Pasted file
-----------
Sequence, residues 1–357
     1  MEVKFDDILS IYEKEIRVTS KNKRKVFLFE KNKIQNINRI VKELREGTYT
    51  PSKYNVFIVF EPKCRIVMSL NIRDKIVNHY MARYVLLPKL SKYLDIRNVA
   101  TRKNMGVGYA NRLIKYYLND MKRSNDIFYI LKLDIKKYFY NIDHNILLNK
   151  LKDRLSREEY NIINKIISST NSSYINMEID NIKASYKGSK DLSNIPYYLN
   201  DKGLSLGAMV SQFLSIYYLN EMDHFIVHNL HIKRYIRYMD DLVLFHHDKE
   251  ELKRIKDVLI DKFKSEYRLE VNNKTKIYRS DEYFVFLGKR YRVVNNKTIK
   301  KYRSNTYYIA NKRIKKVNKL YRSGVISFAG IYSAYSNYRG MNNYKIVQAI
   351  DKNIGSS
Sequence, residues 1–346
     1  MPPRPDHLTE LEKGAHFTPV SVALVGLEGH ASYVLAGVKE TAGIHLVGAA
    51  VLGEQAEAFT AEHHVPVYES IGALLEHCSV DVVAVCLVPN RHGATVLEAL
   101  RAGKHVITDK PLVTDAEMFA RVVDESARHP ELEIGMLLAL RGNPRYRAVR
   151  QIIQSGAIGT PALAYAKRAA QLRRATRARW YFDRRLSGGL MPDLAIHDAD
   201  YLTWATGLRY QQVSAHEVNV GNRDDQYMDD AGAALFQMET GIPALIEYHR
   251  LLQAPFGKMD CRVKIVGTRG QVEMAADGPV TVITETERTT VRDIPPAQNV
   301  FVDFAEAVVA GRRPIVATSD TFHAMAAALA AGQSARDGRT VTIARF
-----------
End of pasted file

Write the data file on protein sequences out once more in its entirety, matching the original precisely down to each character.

Sequence, residues 1–357
     1  MEVKFDDILS IYEKEIRVTS KNKRKVFLFE KNKIQNINRI VKELREGTYT
    51  PSKYNVFIVF EPKCRIVMSL NIRDKIVNHY MARYVLLPKL SKYLDIRNVA
   101  TRKNMGVGYA NRLIKYYLND MKRSNDIFYI LKLDIKKYFY NIDHNILLNK
   151  LKDRLSREEY NIINKIISST NSSYINMEID NIKASYKGSK DLSNIPYYLN
   201  DKGLSLGAMV SQFLSIYYLN EMDHFIVHNL HIKRYIRYMD DLVLFHHDKE
   251  ELKRIKDVLI DKFKSEYRLE VNNKTKIYRS DEYFVFLGKR YRVVNNKTIK
   301  KYRSNTYYIA NKRIKKVNKL YRSGVISFAG IYSAYSNYRG MNNYKIVQAI
   351  DKNIGSS
Sequence, residues 1–346
     1  MPPRPDHLTE LEKGAHFTPV SVALVGLEGH ASYVLAGVKE TAGIHLVGAA
    51  VLGEQAEAFT AEHHVPVYES IGALLEHCSV DVVAVCLVPN RHGATVLEAL
   101  RAGKHVITDK PLVTDAEMFA RVVDESARHP ELEIGMLLAL RGNPRYRAVR
   151  QIIQSGAIGT PALAYAKRAA QLRRATRARW YFDRRLSGGL MPDLAIHDAD
   201  YLTWATGLRY QQVSAHEVNV GNRDDQYMDD AGAALFQMET GIPALIEYHR
   251  LLQAPFGKMD CRVKIVGTRG QVEMAADGPV TVITETERTT VRDIPPAQNV
   301  FVDFAEAVVA GRRPIVATSD TFHAMAAALA AGQSARDGRT VTIARF